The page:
In the year 1954, swashbuckler Swann is scheduled as a weekly guest star on King Kaiser’s Comedy Cavalcade, a live variety show modeled after Sid Caesar’s Your Show of Shows. Showing up tardy and woozily wasted on his first day, Swann is nearly fired. However, Benjy Stone (Linn-Baker), a junior comedy writer on the show who idolizes the actor, talks his bosses into letting Swann keep the gig. Of course, there’s a catch--Stone is given the responsibility of chaperoning the drunky dramatist for the remainder of his engagement. Over the course of the week, the pair learn valuable life lessons from each other, punctuated with minor misadventures, lightweight comedy, and several drained bottles of cognac.

Mel Brooks, who wrote for Your Show of Shows, produced My Favorite Year; and although it’s difficult not to like the film, one wishes the comedy had more of the edge of Brooks’ (and Sid Caesar’s) own work. Not only are most of the film’s situations predictable, much of the humor is obvious or corny. However, the supporting cast of pros--Bill Macy, Joseph Bologna, Lainie Kazan, Selma Diamond, Adolph Green, and the great Lou Jacobi--really know how to sell a line, so much of the time, you don’t notice how lame the jokes actually are.

The performances are the real reason to watch My Favorite Year. Mark Linn-Baker does fine work in the lead, but this is really O’Toole’s show. The character of Alan Swann was obviously modeled after Errol Flynn, a celeb known for his swashbuckling charm and liquor-fueled misbehavior. Few actors could have pulled off both the cavalier charisma and drunken slapstick required of the role, but O’Toole’s performance is a triumph. It is reason enough to make My Favorite Year required viewing for soused cinema enthusiasts.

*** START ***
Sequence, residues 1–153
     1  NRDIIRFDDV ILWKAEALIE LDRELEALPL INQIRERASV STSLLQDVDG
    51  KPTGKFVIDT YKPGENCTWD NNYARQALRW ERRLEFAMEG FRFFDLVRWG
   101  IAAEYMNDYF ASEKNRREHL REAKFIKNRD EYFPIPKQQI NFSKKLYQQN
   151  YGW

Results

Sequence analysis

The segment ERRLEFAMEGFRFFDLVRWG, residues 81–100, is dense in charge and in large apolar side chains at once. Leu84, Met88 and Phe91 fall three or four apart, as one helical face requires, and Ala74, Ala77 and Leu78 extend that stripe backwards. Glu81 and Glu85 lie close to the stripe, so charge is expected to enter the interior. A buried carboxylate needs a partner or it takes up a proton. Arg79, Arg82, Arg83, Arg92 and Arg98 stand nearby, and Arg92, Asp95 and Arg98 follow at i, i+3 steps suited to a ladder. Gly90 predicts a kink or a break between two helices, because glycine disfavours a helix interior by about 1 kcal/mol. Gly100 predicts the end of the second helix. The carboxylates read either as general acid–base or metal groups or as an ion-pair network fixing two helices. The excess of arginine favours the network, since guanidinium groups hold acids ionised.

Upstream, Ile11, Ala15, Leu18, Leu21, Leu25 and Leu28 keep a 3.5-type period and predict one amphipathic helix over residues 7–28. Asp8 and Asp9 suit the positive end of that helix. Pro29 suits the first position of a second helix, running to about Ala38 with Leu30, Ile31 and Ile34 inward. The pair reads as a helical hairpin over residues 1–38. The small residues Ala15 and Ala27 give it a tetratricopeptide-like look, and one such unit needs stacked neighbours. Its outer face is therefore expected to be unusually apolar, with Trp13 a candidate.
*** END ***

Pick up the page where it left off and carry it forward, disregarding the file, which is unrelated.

As a side note, although Swann is primarily based on Errol Flynn, the “this is for ladies” bathroom scene was based upon a legendary incident often recounted about legendary lush John Barrymore.

Drinks Consumed--Cognac

Intoxicating Effects--Staggering, stumbling, passing out, slurred speech, vomiting, and memory blackouts

Potent Quotables--BENJY: Mr. Swann, I think I’m going to be unwell.
SWANN: Stone, ladies are unwell. Gentlemen vomit.
STONE: Mm-hm.
SWANN (to a random gentleman): Alfredo, you needn’t wait. We shan’t need the car any more. We’re going to throw up in the park and then walk home.

Video Availability--My Favorite Year DVD (Warner Brothers)

Similarly Sauced Cinema--The real Errol Flynn played an alky in John Huston’s Roots of Heaven (1958).

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About Me

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I like to drink. I like to watch movies. I like to watch movies about drinking. I like to write about the movies I’ve watched, but only if I’ve had a drink first.

All text including the title "Booze Movies: The 100 Proof Film Guide" Copyright William T. Garver